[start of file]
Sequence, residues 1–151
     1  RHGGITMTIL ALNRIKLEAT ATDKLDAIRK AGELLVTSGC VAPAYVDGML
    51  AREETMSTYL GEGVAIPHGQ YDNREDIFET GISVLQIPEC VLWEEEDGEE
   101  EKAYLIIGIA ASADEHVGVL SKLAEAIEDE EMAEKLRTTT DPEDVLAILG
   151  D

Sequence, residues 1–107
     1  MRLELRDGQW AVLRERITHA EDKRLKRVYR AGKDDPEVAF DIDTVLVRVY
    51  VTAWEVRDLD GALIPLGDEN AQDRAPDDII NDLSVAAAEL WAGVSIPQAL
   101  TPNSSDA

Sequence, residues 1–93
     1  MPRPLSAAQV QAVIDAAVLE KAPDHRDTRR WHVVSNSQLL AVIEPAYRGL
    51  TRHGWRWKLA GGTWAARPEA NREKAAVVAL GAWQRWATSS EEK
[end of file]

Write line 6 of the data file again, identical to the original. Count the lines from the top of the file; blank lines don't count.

Sequence, residues 1–107